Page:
The first meeting of the Idaho Energy Code Collaborative was held Dec. 2. The purpose of the Collaborative is to identify the scope, application and process of the code activities over the next four years that will lead Idaho to achieving 90 percent compliance to the 2009 IECC. Members of the collaborative include representatives from the State Division of Building Safety, State Office of Energy Resources, the Idaho Building Contractors Association, the Idaho Association of Building Officials, the International Code Council, Northwest Energy Efficiency Alliance, the Association of Idaho Cities, the Pacific Northwest National Laboratory and KEnergy.

The issue of compromising with the log home industry was discussed at length. A decision was made to send a contingency to northern Idaho to meet with three state legislators who represent the timber industry to discuss a solution that meets their needs without jeopardizing the state commitment to compliance of the Recovery Act for the purpose of receiving stimulus funding.

III: New EPA Website Loaded With Home Energy Efficiency Tips

The U.S. Environmental Protection Agency has launched Green Homes, a website to help make homes more energy efficient.

The site is at www.epa.gov/greenhomes allows visitors to click on parts of a home to link to specific energy-saving measures and improvements. It also has a number of links and tools to conserve water, choose green materials and products, reduce waste, and protect the health of occupants.

According to the EPA, the latest federal survey of U.S. housing reported 128 million housing units across the United States accounted for about 54 percent of the nation’s energy use and 31 percent of climate-changing carbon dioxide emissions.

On The Agenda:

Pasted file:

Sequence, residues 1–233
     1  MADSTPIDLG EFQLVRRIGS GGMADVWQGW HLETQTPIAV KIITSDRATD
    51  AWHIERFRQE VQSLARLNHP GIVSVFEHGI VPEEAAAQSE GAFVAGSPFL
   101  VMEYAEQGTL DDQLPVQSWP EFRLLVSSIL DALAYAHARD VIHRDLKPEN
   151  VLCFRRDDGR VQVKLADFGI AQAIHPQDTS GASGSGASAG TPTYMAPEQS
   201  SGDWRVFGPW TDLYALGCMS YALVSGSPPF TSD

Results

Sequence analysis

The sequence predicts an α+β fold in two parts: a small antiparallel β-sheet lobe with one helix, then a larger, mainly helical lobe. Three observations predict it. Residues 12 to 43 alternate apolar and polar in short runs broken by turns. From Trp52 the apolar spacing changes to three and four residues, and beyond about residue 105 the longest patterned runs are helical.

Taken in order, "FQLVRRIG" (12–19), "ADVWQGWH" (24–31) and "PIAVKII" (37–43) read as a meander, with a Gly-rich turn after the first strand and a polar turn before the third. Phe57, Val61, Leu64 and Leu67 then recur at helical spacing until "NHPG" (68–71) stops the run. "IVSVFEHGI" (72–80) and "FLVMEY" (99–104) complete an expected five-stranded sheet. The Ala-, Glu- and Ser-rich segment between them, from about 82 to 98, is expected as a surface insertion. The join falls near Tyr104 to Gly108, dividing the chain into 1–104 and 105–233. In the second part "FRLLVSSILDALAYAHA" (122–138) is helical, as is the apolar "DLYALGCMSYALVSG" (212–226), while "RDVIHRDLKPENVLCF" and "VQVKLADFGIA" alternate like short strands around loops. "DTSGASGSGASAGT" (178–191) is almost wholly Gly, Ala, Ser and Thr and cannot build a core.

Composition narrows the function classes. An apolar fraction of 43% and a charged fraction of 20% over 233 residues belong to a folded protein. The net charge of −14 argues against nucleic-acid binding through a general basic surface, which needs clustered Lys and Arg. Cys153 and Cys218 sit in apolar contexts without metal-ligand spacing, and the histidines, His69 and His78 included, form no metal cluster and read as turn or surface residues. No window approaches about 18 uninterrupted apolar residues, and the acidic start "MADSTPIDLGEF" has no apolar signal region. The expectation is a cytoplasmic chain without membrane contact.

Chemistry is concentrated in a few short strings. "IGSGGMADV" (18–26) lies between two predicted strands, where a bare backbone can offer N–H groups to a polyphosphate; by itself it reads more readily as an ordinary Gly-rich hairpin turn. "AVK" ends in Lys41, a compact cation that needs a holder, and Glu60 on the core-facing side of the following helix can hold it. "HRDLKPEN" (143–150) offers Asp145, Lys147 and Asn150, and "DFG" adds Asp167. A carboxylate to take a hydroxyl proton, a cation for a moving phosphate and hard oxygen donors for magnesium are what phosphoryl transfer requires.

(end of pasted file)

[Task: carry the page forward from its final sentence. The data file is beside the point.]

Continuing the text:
► The Public Utilities Commission holds its next decision meetings on Dec. 21, and Jan. 4 and 11. Agendas are normally posted the day before on the Commission’s website at www.puc.state.id.us. The meetings typically start at 1:30 p.m.

► The Public Utilities Commission is taking comments through Dec. 22 on an agreement between Idaho Power and various customer groups that would place a moratorium on new rate cases through January 2012 in exchange for a better chance to earn its allowed rate of return. The deal was reached between the state’s largest electric utility and several customer groups.

Rather than file a general rate case, the agreement calls for a freeze in general rate increases through the end of 2011. In exchange, Idaho Power would receive a share of the annual “power cost adjustment,” which reflects the company’s costs to generate power. Power cost adjustment cases are filed each year. In years of abundant stream flows that allow increased use of relatively cheap hydropower, customers receive a discount on their bills. But in times of poor water flows, customers pay a surcharge to offset the added costs of acquiring power. Under the terms of this proposal, Idaho Power would receive a piece of what is expected to be a large ($160 million or more) favorable PCA due to this year’s good stream flows.

In addition, the stipulation would allow Idaho Power to speed up its use of the customer share of the tax credits it receives on its capital investments. Those customer groups that participated in the agreement said giving the company a share of the expected PCA bonus is worth it in exchange for having stable rates over the next two years.

To review Idaho Power’s application and other documents in the case, and for information on how to submit comments, visit www.puc.idaho.gov and then “file room” and then “electric cases” and scroll to IPC-E-09-30.